- "Invincibility lies in the defense; the possibility of victory in the attack."
– Sun Tzu
- "Defense is superior to opulence."
– Adam Smith
An integral part of having a state is learning how to defend it. Even the greatest aggressors need to defend against attacks by vengeful neighbors sometimes, and so it becomes necessary to develop specific procedures to improve the defensive capabilities of a nation.
Besides cowering behind walls when the barbarians came, the first defensive tactics consisted of packing armored men in as tight as possible, with lots of sharp spears pointing outward to discourage attackers. The first to adopt such a phalanx formation were the Sumerians around the third millennium BC. Their densely packed infantry were armored (helmet, breastplate, and greaves) and armed (with nine-foot spears and round shields that could be overlapped). For the next few thousand years defensive tactics didn’t change much, save that archery made better armor ever more important.
As with so many things military, Rome improved upon the defensive tactics employed by most of their competitors. The Romans pioneered the manipular legion sometime around 300 BC, giving their formations more flexibility and support; deployed in a triple line with gaps between the maniples, the legion could react rapidly to any threat. In front before battle, elite skirmishers (the velites) covered the deployment of the legion; and during battle cavalry and auxiliaries protected the flanks. The thoughtful Romans developed defensive tactics to counter every threat conceivable: the testudo to protect from missiles, the saw to quickly plug gaps in the line, the orb for formations that had been cut off, and Fabian tactics to avoid battle when at a disadvantage.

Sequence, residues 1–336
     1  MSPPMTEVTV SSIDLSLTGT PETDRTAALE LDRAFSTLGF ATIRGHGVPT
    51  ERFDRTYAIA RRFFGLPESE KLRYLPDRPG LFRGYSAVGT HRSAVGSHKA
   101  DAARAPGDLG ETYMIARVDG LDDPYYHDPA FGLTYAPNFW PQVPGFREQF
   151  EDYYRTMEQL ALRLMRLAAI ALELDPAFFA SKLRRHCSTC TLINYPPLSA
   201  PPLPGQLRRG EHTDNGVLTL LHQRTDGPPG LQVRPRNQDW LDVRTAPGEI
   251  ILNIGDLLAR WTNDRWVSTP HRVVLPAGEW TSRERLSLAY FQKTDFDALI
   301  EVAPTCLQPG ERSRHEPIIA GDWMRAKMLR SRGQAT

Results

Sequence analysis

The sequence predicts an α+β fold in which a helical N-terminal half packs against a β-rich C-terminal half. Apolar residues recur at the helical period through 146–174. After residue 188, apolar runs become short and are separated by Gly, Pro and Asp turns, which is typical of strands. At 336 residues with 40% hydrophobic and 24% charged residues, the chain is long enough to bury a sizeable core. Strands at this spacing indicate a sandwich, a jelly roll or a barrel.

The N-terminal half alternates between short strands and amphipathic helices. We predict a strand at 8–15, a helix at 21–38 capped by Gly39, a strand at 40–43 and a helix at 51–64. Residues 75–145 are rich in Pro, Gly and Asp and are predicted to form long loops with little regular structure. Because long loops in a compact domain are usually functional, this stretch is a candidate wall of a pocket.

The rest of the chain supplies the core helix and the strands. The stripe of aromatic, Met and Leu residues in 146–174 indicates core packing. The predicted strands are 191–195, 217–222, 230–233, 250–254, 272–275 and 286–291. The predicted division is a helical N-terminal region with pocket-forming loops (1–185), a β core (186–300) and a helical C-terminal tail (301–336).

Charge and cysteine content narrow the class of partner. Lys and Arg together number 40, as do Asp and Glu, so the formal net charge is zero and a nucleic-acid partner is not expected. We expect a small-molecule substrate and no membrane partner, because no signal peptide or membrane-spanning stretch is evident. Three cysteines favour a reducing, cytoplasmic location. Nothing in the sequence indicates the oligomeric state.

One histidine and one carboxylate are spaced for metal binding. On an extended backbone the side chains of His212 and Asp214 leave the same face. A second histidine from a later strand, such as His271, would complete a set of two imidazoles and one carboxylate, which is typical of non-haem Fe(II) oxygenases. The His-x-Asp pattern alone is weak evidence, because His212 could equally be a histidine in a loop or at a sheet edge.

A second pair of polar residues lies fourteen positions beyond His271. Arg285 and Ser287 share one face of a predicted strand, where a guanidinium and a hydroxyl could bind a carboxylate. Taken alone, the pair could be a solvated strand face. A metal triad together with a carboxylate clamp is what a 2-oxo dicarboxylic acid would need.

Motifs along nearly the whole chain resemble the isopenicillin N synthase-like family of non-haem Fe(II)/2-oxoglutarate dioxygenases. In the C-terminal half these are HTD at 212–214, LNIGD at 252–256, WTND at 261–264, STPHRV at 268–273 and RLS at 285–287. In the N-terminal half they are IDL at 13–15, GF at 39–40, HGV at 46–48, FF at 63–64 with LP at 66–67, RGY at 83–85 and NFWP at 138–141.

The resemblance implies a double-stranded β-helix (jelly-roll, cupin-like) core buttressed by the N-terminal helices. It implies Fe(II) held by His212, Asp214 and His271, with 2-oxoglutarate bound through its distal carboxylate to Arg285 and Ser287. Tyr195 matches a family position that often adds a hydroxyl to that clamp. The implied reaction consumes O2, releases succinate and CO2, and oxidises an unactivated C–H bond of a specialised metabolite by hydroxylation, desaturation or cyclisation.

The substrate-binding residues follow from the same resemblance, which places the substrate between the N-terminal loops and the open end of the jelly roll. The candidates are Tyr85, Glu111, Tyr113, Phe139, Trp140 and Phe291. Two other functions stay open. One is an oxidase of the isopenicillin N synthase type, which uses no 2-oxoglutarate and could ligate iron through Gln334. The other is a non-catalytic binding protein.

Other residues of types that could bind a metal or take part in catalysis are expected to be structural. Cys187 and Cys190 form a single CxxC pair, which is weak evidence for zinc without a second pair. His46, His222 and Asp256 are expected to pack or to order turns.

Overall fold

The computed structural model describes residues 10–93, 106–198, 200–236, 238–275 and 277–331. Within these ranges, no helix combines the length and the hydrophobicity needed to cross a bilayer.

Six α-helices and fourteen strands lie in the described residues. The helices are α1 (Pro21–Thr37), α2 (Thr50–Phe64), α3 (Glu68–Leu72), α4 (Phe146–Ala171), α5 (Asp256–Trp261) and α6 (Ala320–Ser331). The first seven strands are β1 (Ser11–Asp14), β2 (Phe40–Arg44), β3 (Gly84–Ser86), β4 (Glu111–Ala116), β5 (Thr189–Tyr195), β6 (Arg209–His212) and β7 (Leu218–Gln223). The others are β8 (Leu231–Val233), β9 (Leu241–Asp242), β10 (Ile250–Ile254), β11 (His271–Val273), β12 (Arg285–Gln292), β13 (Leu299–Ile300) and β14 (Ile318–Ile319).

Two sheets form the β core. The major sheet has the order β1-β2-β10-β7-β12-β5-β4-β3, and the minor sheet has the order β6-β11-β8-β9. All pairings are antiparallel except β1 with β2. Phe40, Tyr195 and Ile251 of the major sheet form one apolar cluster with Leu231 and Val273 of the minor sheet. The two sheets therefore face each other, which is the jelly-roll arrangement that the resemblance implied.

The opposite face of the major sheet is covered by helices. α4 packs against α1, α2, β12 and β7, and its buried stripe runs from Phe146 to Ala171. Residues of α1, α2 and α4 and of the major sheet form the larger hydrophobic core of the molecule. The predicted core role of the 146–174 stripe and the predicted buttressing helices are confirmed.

In the Middle Ages such cleverness was largely thrown over for simply charging at the enemy and hacking away until one side or the other had had enough. The difference in tactics between Viking berserkers and European knights is miniscule, as military thinking focused on the offensive and largely forgot the defensive (save for those towering castle walls and masses of archers). That is, until gunpowder made head-long charges a dicey proposition again. As firearms became cheaper and more effective, requiring little training to be used in defense, gunpowder dominated the battlefield. And the only real defensive tactic became to spread troops out, to use camouflage, and to dig down.